On March 21, more than 100 Central College students, faculty and staff sat down to a banquet in the Graham Conference Center. These types of events are fairly common on campus, but this time there was a catch. Only 15 percent of the attendees got the three-course meal normally served at such affairs. The rest ate rice.
The members of Ellen Du Pre’s Epidemiology course planned the Oxfam Hunger Banquet to raise awareness about food disparity around the globe. The attendees were randomly divided into three groups: upper, middle and lower class. The first group—only 15 percent of the total—received salad, chicken, alfredo pasta, a breadstick and cake. Those placed in the middle class group dined on ½ cup of rice with beans. The lower class, which consisted of 50 percent of the attendees, was served just ½ cup of rice.
The meals were meant to imitate the normal portions of different classes of people around the globe. Rachel Frana, a sophomore environmental studies major in the Epidemiology course, was surprised by the meagerness of the middle- and lower-class meals. What most middle-class Americans would consider a good meal was actually the upper-class portion, she says. The middle-class group subsisted on fare that most Americans would consider the diet of the poor.
The Oxfam Hunger Banquet opened a lot of eyes, which was the goal of the class. With the help of the Center for Community-Based Learning, they organized and marketed the banquet, even encouraging the Pella Rotary Club to fund the meals of several high school students.
Epidemiology is the study of the patterns, causes and effects of health conditions. Frana, a global health minor, went into the course without any idea what the term meant; she only knew it was a requirement for the minor. But she quickly grew passionate about the issues they were covering—Global Information Systems (GIS), disease outbreaks, pollution, access to clean water, global inequalities. “What we are learning about is actually very applicable to real life,” Frana says. “We learn about how our health is affected by things you don’t think about on a daily basis.”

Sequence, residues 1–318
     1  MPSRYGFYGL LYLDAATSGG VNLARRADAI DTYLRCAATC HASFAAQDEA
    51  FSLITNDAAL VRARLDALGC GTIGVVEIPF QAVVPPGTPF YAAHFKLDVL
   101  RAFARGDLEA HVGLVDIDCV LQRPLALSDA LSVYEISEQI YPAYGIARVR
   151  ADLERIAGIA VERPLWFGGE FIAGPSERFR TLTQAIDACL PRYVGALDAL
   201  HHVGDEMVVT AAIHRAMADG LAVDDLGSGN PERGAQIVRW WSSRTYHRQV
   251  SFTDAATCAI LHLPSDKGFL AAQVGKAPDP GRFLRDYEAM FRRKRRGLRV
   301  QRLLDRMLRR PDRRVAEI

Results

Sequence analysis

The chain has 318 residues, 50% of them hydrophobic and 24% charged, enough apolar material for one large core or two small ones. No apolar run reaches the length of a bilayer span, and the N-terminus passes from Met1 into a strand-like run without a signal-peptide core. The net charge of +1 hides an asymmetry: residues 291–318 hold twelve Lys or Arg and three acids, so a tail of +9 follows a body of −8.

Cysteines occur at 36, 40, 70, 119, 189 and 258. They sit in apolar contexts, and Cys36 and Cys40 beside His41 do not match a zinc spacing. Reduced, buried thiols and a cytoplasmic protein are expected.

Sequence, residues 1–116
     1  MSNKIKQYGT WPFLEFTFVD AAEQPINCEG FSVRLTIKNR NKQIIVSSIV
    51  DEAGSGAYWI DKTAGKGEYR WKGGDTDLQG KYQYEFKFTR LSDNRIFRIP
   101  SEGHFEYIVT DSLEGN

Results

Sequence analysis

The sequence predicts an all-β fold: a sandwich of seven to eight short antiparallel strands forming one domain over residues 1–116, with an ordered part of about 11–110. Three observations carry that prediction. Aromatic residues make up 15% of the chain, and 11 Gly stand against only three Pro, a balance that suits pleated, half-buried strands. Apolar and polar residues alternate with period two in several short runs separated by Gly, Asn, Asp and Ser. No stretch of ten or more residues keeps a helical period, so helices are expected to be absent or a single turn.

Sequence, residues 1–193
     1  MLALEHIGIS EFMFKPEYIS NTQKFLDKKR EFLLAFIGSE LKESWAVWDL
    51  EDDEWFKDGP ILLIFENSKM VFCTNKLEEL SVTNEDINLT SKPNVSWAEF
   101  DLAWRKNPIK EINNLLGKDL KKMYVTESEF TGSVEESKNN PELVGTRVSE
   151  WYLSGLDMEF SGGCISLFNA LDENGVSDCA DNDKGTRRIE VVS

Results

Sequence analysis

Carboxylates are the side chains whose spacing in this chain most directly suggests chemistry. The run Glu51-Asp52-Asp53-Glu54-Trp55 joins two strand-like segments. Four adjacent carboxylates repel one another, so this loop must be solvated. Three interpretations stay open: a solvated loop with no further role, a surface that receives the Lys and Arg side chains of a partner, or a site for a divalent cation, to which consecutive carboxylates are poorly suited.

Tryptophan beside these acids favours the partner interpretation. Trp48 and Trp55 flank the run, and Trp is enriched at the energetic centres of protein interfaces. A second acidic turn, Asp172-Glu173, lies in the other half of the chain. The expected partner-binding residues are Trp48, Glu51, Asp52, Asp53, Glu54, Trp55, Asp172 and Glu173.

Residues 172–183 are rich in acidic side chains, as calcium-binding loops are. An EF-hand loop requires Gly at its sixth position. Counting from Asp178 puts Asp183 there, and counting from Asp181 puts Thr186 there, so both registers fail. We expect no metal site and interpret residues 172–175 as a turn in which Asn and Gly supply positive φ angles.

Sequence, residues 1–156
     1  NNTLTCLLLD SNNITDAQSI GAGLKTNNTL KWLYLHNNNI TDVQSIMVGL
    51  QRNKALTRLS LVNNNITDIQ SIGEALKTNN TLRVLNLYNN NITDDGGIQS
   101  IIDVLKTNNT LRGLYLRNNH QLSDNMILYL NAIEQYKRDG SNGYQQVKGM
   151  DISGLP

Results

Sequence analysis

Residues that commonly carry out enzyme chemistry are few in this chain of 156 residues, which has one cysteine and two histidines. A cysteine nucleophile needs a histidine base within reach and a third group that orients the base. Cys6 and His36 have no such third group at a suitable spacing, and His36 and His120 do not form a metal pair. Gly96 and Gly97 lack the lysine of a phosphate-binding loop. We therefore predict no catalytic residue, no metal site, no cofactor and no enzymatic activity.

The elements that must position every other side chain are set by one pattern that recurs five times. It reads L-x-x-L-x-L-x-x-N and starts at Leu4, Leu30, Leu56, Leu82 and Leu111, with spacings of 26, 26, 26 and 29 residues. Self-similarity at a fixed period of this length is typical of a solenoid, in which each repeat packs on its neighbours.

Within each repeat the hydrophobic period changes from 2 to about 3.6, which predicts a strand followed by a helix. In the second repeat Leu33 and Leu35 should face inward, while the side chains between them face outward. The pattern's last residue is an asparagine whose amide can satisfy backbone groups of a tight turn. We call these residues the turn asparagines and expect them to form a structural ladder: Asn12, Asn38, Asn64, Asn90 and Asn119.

The hunger banquet was an attempt to take their new awareness to the larger campus. The students were especially hopeful that the Central community would realize how wasteful Americans can be, especially compared to the lack of food and water in other parts of the world. “You don’t realize how much you have until you don’t have it,” says Kyle Freischlag, a junior biology and history major who plans to go on to medical school.
During the banquet, Frana was especially attentive to the reactions of people who didn’t get their normal meal. She noticed envy and resentment toward those at the upper-class tables. “I realized if we were in that same building for any other event on campus, we would be eating the exact same meal,” Frana says. “We would have the salad and the dessert, and we wouldn’t feel guilty about it.”
Frana has noticed that lack of shame all over campus—as students throw away half-eaten meals without a second thought. “If they had an entire nation full of hungry people sitting right next to them watching them be so wasteful, I think they would feel differently,” she says.
That was the purpose of the event—to bring those hungry people near those stuffing themselves. The result was increased awareness of food disparity on both sides. Frana hopes the event will lead to some lifestyle changes among the attendees. Several people signed up for a newsletter with more information afterwards.
Freischlag, who gave the closing remarks at the banquet, is optimistic that his class made a difference. He says that thinking about food disparity leads to conversations on the subject, which in turns leads to action.
“If takes a million little changes to change the world,” he says. “Perhaps we caused several of those small changes in the lives of others.”